“Sanders has given a very holistic approach to marijuana, and that stands out amongst the crowd,” NORML’s Altieri said. But Altieri said that of all the candidates, Sanders has the longest track record of supporting ending cannabis prohibition and the most cohesive plans for what he would do for the marijuana industry if he was elected. He’s also pushed for diversity in the emerging industry. The NORML PAC went as far as to endorse him for re-election in his Senate campaign in Vermont in 2018.
In his plan on his website, Sanders said he would legalize marijuana in his first 100 days in office by using executive action. He would also vacate and expunge all past marijuana-related convictions and ensure revenue from legal cannabis is reinvested into communities hit hardest by the War on Drugs. He also makes a point on his website to say he will ensure legalized cannabis does not turn into Big Tobacco. He will do this by incentivizing marijuana businesses to structure themselves like nonprofits, making sure cannabis products are not targeted at young people, and more.
We have a dysfunctional childcare system in this country, which is too expensive for parents, while providers are paid totally inadequate wages. We need to do what other countries around the world do – develop a high quality universal child care program.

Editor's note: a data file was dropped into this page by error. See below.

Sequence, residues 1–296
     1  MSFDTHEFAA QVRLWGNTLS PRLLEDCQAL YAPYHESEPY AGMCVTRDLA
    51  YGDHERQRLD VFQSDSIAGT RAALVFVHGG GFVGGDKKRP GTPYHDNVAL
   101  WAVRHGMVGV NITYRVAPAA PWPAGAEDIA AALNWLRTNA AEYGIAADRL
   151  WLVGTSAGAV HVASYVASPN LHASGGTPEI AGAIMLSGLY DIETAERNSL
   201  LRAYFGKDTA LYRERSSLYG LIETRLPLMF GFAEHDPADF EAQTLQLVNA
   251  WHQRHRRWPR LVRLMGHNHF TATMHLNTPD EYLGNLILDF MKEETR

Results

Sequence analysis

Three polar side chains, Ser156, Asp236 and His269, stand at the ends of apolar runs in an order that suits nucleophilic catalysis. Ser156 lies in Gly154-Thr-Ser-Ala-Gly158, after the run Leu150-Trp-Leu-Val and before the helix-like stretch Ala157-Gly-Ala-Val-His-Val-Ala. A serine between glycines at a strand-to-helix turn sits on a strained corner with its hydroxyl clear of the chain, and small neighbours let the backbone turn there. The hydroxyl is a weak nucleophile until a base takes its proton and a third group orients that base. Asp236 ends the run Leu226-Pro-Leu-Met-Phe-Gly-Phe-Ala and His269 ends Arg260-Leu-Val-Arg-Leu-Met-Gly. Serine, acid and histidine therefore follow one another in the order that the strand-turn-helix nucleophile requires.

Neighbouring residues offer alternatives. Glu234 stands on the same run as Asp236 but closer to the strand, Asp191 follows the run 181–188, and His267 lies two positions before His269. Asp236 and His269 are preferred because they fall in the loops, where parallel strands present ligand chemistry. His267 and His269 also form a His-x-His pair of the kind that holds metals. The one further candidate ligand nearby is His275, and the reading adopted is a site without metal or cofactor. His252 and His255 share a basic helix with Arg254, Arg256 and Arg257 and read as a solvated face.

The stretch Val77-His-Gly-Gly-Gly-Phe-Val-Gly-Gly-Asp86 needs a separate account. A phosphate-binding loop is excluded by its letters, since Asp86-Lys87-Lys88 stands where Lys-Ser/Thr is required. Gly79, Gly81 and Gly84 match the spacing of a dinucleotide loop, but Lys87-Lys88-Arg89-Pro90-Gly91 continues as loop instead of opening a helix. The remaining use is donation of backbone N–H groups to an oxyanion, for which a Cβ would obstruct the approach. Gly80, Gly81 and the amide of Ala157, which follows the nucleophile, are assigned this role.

— Bernie Sanders (@BernieSanders) January 26, 2019
Sanders wants to enact a universal childcare system as well as a pre-kindergarten program if he becomes president. The plans for exactly how he would do this are not currently available on his website. However, Sanders has advocated for childcare and early education during his time as senator, sponsoring the Foundations for Success Act in 2011 as well as other initiatives.
Sanders’ Medicare for All plan would protect women’s access to contraception and the availability to have a safe, legal abortion, according to his website. He would also repeal the Hyde Amendment, fully fund Planned Parenthood, and codify Roe v. Wade.
Sanders received criticism after a CNN climate town hall when he answered a question by saying he was open to discussing population control as a way to deal with climate change.
“So I think, especially in poor countries around the world where women do not necessarily want to have large numbers of babies, and where they can have the opportunity through birth control to control the number of kids they have, is something I very, very strongly support,” Sanders said at the town hall.